In 1982 a little band from Davis, Calif., set out to document one man’s musical vision and wound up helping rewrite the decade’s pop and indie landscape.
BY MICHAEL TOLAND
When Scott Miller died suddenly in 2013, his musical legacy existed only in the critical hosannahs that usually greet any mention of his name and in the hearts of guitar pop record collectors, as his entire catalog with his bands Game Theory and the Loud Family had fallen out of print. While the latter carved out an underappreciated but brilliant career in ‘90s psychedelia, it’s the former group for which he’s most fondly remembered. The band’s sparkling blend of psych rock and new wave pop sounds nearly prescient now, but in the band’s Reagan-era heyday it was lucky to find the cult audience it did – a legacy not helped by the difficulty (and expense) in finding the records in the past couple of decades. Fortunately, Omnivore, the most college rock-friendly reissue label on the racks, is rectifying the problem with a comprehensive reissue campaign.
The best place to begin is, of course, at the beginning; Game Theory’s debut LP Blaze of Glory, just reissued on CD and colored-vinyl LP by the Omnivore label. Considered somewhat raw, even amateurish, at the time of its original 1982 release, the record sounds far more accomplished in retrospect. The low budget nature of the production would be in vogue 15 years later, and the sonics indicate a band that knew how to make the most of its time in the studio. More importantly, Miller’s vision for Game Theory – a masterful blend of the catchy, synth-frosted new wave of the day with a ’60s-inspired approach to psychedelic arrangements and atmosphere, garnished by lyrics more concerned with feel than meaning – was there from the beginning, springing fully formed from Miller’s brow like Athena bursting forth from Zeus’ noggin. Tinkly synthesizers weave in and out of jangling guitar paintings, while Miller’s inimitable voice – high, keening, edging into a whine but never quite getting there – croons over the top. The rhythm section bounces gracefully between caffeinated bop and elastic shimmy, supporting Miller’s whimsy wherever it leads. “Bad Year at UCLA,” “Mary Magdalene” (despite its dubious assertion “Sometimes I feel just like Mary Magdalene”) and “Sleeping Through Heaven” are glorious pop songs, shiny, crashing and true to Miller’s distinctive sense of melody, the sound of a young band finding its groove loudly and enthusiastically. Even lower-key moments like “Stupid Heart” and “It Gives Me Chills” vibrate almost palpably with the excitement of an artist watching his vision unfold. Blaze of Glory is that special kind of debut album – not perfect, perhaps, but boiling over with so many ideas and so much talent it makes you eager to hear where the band goes with the rest of its career.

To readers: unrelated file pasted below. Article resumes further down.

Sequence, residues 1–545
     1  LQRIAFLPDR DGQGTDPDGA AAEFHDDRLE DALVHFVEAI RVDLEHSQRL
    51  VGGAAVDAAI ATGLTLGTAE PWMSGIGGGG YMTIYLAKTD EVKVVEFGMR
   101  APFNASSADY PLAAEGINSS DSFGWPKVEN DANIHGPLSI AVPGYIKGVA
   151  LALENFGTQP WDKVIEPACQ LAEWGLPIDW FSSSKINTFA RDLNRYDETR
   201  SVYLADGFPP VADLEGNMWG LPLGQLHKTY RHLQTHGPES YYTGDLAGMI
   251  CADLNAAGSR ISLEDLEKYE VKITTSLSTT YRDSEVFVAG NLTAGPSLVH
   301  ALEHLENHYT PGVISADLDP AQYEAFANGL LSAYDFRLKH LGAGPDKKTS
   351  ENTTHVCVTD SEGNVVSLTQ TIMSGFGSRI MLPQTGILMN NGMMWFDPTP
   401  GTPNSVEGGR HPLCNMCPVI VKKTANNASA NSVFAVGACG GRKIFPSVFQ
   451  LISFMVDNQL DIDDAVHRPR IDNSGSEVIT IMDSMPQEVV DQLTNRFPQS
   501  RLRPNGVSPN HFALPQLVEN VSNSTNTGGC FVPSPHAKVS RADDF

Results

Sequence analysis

As with most reissues these days, this new edition of Blaze of Glory comes filled out with numerous bonus tracks – more than there are cuts on the original LP, in fact. The tracks include the usual live recordings and home demos, highlighted by the lovely solo pop tunes “In the Still of the Night” and “She’s a Woman of the Wind” and an in-concert romp through “Bad Year at UCLA” and “Aliens in Our Midst,” from the repertoire of Miller’s pre-GT band Alternate Learning. That latter entity also provides four delightful cuts – the fuzzy “What’s the Matter,” the bopping “Beach State Rocking,” the wistful “New You” and especially the skittering, angular “Another Wasted Afternoon” don’t sound like the later band, but definitely boast some of the molecules out of which Miller would construct Game Theory’s DNA. The extras enhance the original album in just the right ways, giving a glimpse into Miller’s creative process as he laid the tracks for the Game Theory train.
Photo credit: Robert Toren